Moving into your child's first college apartment can be a laborious task. However, collecting and moving furniture isn't always the hardest part - preparing yourself for your child's first independent living situation can be even more difficult. To ease any worry you may have associated with the risks of renting an apartment in a college town, you may want to look into renters insurance for your child. Sometimes, college towns are less strict with building safety and landlords capitalize on the naivety of college students.
Though deciding whether you want to insure your child or not followed by choosing which insurance best fits your needs is quite a process on its own. Hopefully this list of must-have items for a college student apartment will make moving just a little bit easier.
It may be a good idea, according to My First Apartment's website, to bring wall hooks to hang coats and other items at the door. A welcome mat will add a homey touch and reduce the amount of dirt trekked around the apartment. Your child might want to look into an area rug for the living room to make the space more inviting and comfortable as their home away from home. Throw pillows for the couch or chairs and wall artwork are not necessary, but will help complete the look of the room.
Aside from a bed, bedding and box spring, you may want to consider other items such as a nightstand or an additional lamp depending on the existing lighting. Other items that help keep your space less cluttered include a hamper, trash can, hangers and curtains. Curtains can be an easily forgettable item that might make it easier for your child to sleep in their room the first night they move in, so make sure to buy these before you leave.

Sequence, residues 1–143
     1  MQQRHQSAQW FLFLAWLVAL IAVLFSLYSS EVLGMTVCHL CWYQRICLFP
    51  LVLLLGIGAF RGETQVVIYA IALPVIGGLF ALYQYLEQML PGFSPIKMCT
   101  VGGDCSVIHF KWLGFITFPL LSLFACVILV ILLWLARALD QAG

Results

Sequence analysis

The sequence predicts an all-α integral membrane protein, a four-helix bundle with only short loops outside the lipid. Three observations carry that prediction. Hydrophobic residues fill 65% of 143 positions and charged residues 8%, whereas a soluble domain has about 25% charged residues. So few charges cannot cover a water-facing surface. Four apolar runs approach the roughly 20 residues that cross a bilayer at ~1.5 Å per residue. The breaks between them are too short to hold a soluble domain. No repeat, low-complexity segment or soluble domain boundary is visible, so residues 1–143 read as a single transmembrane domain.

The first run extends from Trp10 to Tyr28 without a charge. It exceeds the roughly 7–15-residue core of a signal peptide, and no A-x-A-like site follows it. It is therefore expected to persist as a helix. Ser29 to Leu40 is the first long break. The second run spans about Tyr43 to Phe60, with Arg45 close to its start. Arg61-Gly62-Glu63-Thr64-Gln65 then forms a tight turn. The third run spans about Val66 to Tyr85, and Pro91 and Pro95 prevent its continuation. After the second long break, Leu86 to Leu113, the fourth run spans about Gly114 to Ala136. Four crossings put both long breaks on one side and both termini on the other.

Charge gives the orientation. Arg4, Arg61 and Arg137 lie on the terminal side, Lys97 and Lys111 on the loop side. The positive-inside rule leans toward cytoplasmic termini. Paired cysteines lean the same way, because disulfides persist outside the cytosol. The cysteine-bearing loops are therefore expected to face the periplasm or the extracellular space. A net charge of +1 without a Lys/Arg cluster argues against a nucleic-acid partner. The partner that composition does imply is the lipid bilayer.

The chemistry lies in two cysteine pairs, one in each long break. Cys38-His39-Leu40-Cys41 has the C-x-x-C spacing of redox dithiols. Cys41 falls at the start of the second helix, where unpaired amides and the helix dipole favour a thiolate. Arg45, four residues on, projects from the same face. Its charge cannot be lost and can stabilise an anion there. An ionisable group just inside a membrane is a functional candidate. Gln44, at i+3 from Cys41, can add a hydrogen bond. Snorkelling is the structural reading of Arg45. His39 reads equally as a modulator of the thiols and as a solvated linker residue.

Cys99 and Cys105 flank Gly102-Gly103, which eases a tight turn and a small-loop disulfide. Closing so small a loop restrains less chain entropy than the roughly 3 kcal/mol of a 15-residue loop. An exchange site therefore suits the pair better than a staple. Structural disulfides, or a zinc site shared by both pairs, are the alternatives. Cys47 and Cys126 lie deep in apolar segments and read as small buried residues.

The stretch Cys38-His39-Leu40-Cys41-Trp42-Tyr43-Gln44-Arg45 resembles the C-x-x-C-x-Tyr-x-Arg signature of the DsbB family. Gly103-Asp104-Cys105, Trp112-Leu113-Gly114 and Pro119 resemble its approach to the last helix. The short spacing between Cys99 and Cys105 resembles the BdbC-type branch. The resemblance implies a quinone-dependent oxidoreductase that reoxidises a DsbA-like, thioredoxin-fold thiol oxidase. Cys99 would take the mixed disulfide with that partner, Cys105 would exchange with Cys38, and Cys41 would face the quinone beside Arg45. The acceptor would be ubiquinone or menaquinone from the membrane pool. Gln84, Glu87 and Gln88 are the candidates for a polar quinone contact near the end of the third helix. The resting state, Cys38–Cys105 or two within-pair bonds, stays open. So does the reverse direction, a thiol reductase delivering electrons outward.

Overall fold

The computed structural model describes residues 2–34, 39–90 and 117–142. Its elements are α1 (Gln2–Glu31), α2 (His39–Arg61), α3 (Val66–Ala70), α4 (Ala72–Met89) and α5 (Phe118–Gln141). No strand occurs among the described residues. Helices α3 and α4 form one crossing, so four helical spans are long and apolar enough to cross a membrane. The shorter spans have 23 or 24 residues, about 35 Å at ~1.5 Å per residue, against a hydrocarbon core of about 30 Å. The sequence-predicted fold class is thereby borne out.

Oven mitts, spatulas, pots and pans, silverware, dishes, can openers, dish soap and sponges, dish towels, sharp knives and a trash can are vital for a college student's kitchen. These items most likely won't be too expensive or breakable, but they're important to have to make sure that your child has the tools to cook their own - hopefully healthy - meals. This checklist from Bed, Bath & Beyond can help narrow down what items your child wants to bring for the kitchen.
Other than a shower curtain, toiletries, trash cans and towel hooks, make sure your child has some extra towels in the event that guests stay over.
Remember to pack cleaning and laundry supplies, trash bags, a vacuum, extension cords, flashlights and basic tools so that your child will be able to fix quick problems that may arise when living on their own and clean up any messes.
Unpakt suggests buying as little furniture as possible for your apartment at first, because your child will have time to get things as they need them. Bringing some of these essentials, however, will get them started living on their own, and they will feel comfortable having most of what they need to start off in their apartment.
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